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Top Ways to Improve Your Email Marketing - Page 2/10

What is Permission?

“Permission” at its most basic is the user’s consent to receive emails from you. But there’s a lot more to it.

Permission breaks down into “expressed” versus “implied” consent. Expressed permission comes from the user himself, when he checks a box requesting your emails on a site-registration form or point-of-purchase postcard, agrees in person, or sends in an email request.

“Implied” permission is not actively given but is a by-product of another action, such as not removing the checkmark from a pre-checked email-permission box on a site registration form, or clicking the “agree” radio button on an end-users agreement that lists receipt of email as a condition of using the site. The gold standard is expressed permission, the only completely unobjectionable method. Implied permission is just another name for opt-out.

The 2003 U.S. law regulating commercial email, popularly called CAN-SPAM, permits opt-out marketing with a couple of conditions: all commercial emails must have a working unsubscribe function. Plus, emails sent to recipients who didn’t give you “affirmative consent” must include language that the message is “a promotional email” within the message.

But CAN-SPAM just establishes legal criteria for email marketing. It doesn’t promote best practices, and “best practices” means opt-in only.

“Opt-in” is another name for permission email marketing, but even that has two levels:

- “Single opt-in”: The recipient gets added automatically to a list after completing a Web opt-in form, sending in a postcard, emailing a request, etc.
- “Double opt-in” or “confirmed opt-in”: The recipient requests a subscription, which generates an automated email message to which he must reply or click a link to confirm the subscription and be added to the list.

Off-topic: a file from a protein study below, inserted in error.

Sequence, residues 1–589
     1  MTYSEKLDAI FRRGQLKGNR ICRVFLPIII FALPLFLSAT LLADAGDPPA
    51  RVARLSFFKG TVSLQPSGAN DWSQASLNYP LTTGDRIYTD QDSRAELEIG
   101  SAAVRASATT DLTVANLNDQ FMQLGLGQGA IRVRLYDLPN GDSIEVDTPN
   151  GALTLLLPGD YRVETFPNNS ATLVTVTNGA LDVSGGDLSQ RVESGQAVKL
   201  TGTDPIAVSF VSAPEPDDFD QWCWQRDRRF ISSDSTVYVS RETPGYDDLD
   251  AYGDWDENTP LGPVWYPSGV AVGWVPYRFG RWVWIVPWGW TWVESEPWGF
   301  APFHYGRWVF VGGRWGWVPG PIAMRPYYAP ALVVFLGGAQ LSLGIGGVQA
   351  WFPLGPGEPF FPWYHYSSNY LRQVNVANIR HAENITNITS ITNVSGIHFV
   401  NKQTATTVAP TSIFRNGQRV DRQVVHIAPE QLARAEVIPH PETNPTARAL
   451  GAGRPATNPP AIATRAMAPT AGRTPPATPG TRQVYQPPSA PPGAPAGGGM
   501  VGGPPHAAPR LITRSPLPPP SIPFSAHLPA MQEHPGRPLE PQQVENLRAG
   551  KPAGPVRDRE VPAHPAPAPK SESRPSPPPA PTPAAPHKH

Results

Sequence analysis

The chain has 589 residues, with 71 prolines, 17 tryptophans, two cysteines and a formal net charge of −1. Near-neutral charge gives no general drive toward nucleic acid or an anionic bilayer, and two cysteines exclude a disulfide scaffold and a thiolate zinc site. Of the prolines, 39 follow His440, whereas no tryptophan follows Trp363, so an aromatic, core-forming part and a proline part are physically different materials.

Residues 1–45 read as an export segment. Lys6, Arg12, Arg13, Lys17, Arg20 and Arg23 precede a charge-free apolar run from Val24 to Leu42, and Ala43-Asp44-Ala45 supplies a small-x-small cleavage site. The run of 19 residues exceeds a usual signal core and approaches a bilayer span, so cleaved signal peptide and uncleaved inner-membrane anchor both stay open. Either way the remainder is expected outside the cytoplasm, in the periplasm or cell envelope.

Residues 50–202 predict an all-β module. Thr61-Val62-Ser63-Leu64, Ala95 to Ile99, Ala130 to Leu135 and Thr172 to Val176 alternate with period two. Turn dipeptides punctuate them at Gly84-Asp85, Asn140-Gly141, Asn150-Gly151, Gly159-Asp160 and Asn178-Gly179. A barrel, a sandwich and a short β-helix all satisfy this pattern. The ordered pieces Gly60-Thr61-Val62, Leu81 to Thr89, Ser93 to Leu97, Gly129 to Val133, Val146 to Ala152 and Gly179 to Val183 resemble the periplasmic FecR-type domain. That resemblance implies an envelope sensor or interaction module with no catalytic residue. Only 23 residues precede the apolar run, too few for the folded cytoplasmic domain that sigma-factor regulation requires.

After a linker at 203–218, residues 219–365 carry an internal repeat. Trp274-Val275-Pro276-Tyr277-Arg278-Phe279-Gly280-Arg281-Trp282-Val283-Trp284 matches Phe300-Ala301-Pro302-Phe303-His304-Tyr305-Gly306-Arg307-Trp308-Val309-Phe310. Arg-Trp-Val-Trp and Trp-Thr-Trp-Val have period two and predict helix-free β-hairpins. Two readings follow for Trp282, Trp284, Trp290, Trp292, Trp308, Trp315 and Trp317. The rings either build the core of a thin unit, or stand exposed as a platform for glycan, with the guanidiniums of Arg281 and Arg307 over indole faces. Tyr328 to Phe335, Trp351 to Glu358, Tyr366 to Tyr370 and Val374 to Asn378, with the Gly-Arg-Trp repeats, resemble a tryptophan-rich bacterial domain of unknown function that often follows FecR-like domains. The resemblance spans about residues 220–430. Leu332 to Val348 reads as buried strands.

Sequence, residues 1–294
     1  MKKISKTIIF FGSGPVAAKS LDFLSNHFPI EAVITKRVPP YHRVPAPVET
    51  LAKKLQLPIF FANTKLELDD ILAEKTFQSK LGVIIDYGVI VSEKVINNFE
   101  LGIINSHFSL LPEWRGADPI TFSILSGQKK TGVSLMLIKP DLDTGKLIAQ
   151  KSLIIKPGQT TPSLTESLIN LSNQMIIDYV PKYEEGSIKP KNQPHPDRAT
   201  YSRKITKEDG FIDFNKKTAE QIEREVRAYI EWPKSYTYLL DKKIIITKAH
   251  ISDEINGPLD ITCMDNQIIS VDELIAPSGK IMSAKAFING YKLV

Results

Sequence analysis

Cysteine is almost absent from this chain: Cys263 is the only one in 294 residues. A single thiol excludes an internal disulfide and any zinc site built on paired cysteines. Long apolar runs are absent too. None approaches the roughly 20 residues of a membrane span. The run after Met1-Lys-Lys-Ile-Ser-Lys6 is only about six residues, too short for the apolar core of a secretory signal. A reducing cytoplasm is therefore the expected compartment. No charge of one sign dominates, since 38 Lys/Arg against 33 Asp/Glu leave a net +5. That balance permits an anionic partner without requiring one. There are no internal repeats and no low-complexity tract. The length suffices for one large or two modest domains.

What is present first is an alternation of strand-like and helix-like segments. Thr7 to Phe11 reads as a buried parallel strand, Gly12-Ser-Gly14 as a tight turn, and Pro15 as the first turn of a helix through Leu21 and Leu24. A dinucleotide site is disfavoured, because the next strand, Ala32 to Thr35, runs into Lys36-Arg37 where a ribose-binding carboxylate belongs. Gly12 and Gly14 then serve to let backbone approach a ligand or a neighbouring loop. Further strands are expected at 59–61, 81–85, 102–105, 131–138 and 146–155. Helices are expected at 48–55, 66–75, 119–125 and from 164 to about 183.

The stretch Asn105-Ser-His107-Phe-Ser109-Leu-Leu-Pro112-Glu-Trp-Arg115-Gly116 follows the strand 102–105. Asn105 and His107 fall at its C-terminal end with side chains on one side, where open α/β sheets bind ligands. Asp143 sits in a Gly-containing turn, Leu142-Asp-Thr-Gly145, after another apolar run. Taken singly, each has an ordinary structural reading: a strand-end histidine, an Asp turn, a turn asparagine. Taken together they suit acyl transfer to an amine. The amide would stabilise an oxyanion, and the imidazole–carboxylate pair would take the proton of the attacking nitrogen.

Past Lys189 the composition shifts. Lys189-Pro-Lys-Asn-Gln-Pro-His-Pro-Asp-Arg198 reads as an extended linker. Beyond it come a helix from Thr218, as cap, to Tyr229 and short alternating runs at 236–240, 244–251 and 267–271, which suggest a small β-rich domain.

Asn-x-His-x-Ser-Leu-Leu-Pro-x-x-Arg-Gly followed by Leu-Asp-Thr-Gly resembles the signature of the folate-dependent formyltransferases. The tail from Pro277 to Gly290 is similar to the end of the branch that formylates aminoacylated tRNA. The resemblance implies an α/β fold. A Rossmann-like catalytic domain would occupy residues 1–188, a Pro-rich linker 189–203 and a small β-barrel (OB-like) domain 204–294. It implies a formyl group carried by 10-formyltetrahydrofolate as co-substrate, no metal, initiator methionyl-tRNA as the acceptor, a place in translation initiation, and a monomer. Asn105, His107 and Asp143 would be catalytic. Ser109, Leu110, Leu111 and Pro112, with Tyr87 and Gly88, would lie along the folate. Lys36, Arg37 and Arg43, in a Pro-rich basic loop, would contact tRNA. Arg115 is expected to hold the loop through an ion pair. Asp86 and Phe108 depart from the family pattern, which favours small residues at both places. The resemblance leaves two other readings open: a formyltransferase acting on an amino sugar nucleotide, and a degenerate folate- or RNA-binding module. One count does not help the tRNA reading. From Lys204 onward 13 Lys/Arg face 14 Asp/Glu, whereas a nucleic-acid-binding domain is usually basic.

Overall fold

Overcoming Objections to Permission Email Marketing

Evidence has shown that permission-based email lists deliver better results and generate fewer unsubscribes, spam complaints and blocks:

- Marketers who get into the game using opt-out strategies and then switch to strictly opt-in, using either house or rental lists made up of opt-in addresses, have reported seeing click rates jump from the 0.5%-3% range to 5%, 10% or even higher.
- Findings from IMT Strategies (2001) reveal the importance of permission-based over unsolicited emails.
- Seventy-six percent of consumers will delete an unsolicited email without even reading it, compared to 2% for a permission email. Conversely, only 5% of consumers are eager or curious to read an unsolicited email as opposed to 61% with permission email.
- A Harris Poll in 2003, taken just before CAN-SPAM was ratified, found 79% of Americans were “somewhat annoyed” to “very annoyed” by unsolicited email, even if it wasn’t the typical spam. That annoyance transfers to your product or brand. Can you afford to irritate that many potential new customers?
- Email recipients say they open emails from those they recognize and trust and delete unopened email from unknown or suspicious-looking senders. In a Forrester study, the two main reasons participants said they opened commercial emails were because they recognized the sender as a company they signed up with (40%)and because they recognized the sender’s name (52%).
- A Quris study in 2003 found that subscribers who demand high levels of permission and privacy are more likely to open and act on those permission-based emails.
- Although the actual rate varies from sender to sender and list type (B-to-B, B-to-C), click-through rates on opt-out email lists hover in the 1% to 5% rate, while CTRs on house lists can be 10 to 20 percentage points higher.
- An AOL User Behavior study showed email newsletters that used double opt-in had a lower unsubscribe rate -- an average 7.6% -- compared with single opt-in messages, which had an average 22.2% unsubscribe.
- The AOL study didn’t include opt-out email, but a related study found AOL users were more likely to report unsolicited email as spam. When AOL 8.0 introduced the “Report as Spam” in the inbox, the percentage of email reported as spam jumped from 25% to 50%.
- In another study, 71.3% of email users whose email clients offered a spam-reporting button said they used it because they thought it would stop all unwanted email.

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